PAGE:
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This press release details the Highlander Center, an adult education center for people who come to learn how to deal with problems affecting their lives and communities, which was under investigation. The investigation was being conducted to determine if the Highland Center was integrated as stated in its charter.
The Western Christian Leadership Conference sends this pamphlet to potential participants and encourages registration for the Assembly Session in July, 1965. Dr. King is featured as the Mass Meeting Speaker.
This issue of the Oberlin Alumni Magazine features commencement articles and photos as well as Remaining Awake Through a Great Revolution, Dr. King’s address to the graduating class.
Elmer Elsea enlightens Dr. King on how his involvement with the previous Holy Week brought joy and blessings. Mr. Elsea discovers Dr. King will be returning to the Holy Land of Jerusalem for the Prayer Pilgrimage for Freedom. Mr. Elsea encourages Dr. King to utilize Citexco Tours to conduct his expedition.
James Lewis Hicklin, III of The Freedom For All Foundation, inquires if Dr. King will serve on the organization's National Board of Governors.
J. Robert Nelson, National Chairman of the Interseminary Committee, invites Dr. King to be a part of their national conference with theological professors and students for the following year. He hopes that Dr. King will be the speaker on the subject of the Strategy of Churches and Ministers for Social Change.
This article in the U.S. News and World Report features an interview with Richard H. Sanger, known for his experience in the United States Foreign Service and his abilities to recognize the patterns of political violence.
Moshe Decter requests Dr. King's signature on a statement for the Conference on the Status of Soviet Jews. The statement will appear under the sponsorship of the Conference.
An unknown author warns Rev. Abernathy to protect himself from those who might try to harm him and other Negro civil rights leaders.
Abraham Ribicoff thanks Dr. King for his kind letter and expresses his contentment with the passing of the Civil Rights Bill. Ribicoff hopes for the progression of the nation in providing equal opportunities for all.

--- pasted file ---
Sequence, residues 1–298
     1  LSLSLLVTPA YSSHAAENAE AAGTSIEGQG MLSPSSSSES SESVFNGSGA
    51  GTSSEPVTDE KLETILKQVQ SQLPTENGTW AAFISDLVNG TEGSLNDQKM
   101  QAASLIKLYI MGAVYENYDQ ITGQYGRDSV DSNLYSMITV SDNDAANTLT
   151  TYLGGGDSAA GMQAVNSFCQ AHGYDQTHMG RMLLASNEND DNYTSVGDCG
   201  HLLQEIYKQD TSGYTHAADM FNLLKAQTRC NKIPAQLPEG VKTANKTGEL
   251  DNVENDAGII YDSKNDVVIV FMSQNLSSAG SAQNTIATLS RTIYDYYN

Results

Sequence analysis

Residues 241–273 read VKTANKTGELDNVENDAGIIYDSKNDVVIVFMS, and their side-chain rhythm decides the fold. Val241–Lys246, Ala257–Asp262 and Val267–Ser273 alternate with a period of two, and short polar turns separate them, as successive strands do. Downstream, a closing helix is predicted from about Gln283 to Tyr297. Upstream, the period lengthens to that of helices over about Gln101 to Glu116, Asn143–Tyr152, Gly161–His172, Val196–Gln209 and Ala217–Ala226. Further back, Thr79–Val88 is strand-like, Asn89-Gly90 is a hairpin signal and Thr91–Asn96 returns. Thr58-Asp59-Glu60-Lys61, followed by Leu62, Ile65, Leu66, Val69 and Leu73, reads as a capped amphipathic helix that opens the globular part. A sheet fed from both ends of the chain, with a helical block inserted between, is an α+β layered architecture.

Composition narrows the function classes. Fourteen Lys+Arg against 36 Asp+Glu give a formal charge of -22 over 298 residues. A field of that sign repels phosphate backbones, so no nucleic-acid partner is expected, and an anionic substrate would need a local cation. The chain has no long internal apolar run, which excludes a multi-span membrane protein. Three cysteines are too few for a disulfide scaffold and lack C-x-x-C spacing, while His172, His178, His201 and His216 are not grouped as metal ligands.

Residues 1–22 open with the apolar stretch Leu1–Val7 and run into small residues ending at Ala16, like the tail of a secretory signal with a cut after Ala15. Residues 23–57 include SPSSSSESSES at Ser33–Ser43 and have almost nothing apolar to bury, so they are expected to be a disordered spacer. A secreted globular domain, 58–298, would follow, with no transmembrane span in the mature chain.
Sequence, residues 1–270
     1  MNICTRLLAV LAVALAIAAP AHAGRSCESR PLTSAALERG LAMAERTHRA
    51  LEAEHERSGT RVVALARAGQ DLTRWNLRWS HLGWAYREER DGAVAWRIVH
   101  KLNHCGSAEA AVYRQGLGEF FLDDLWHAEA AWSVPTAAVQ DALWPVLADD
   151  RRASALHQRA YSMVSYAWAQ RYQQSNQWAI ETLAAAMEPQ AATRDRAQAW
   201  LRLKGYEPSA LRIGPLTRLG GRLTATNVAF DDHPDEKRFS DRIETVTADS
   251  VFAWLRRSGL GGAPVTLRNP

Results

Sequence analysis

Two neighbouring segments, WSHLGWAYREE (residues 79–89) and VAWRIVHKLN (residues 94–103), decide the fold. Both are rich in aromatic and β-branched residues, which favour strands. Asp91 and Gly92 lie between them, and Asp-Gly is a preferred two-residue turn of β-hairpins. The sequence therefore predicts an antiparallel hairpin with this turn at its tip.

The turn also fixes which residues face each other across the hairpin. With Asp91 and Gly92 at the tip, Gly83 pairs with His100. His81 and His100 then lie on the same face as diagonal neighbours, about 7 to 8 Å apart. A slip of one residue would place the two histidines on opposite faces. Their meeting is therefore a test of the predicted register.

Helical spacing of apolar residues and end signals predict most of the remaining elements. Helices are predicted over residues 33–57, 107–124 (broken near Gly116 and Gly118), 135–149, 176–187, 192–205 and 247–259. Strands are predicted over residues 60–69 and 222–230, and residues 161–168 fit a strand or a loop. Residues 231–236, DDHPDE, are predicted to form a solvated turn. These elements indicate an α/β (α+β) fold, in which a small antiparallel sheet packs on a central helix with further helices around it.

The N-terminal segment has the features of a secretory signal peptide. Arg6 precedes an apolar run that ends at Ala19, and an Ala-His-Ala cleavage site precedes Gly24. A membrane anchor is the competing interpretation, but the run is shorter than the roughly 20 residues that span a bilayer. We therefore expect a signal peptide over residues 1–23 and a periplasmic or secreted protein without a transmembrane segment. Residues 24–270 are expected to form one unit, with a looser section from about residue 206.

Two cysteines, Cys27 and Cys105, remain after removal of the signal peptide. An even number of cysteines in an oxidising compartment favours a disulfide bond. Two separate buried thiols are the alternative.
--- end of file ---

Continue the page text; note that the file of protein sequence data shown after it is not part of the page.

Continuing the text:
Pavel Titera responds to a letter from Dr. King, in which he expressed his hope for a coming to visit. Titera sends well wishes for Dr. King and his family, and encloses a photograph of his family "as a token of the brotherly love."
This is a transcription of the Meet the Press interview with Dr. King, Stokely Carmichael, Roy Wilkins, and other leaders representing civil rights organizations. The nationally broadcasted news segment covered many pertinent social topics including demonstrations and riots, city movements, the Vietnam War, and the progression of the Civil Rights Movement. The interview structure consisted of a panel, which prompted relevant questions, and moderator Edwin Newman.
Marriner S. Eccles, a banker and former governor of the Federal Reserve System, urges an end to the Vietnam War, saying the U.S. is violating international law and has taken over the war to fight communism in Vietnam. He believes the billions spent on war would be more effective in preventing the spread of communism if spent on eliminating poverty and illiteracy in the developing countries.
Mr. Bristol responds to a previous invitation to attend the SCLC's Tenth Annual Convention. He informs Mrs. King of his inability to attend due to a prior engagement but trusts that the convention will make a significant impact.
The is a draft outline of Dr. King's "The American Dream" speech delivered at many colleges, universities and churches throughout the country. Dr. King urges Americans to abandon practices of discrimination in order to protect the American dream and the proliferation of the nation.
Mr. Fisher, President of the Chatham Avalon Park Community Council, provides an organized detailed account of community concerns. More specifically, he addresses various social and political issues regarding schools, housing, insufficient leadership, and government services.
Dr. King reviews the settlement made between the City of Birmingham and civil rights protesters. This agreement includes the integration of lunch counters, sitting rooms, restrooms, and water fountains within ninety days.
An outline briefly explains T.S. Eliot's opinion on culture and how it pertains to religion, specifically Christianity. Notes taken on the side of the outline insinuate that Western culture is beginning to disintegrate because the values it was built on are decreasing in importance.
Edmond Jansson writes a letter to the members of the Senate Judiciary Committee contradicting a report on how Roy Wilkins was treated in Salt Lake City, Utah. A copy was sent to Dr. King.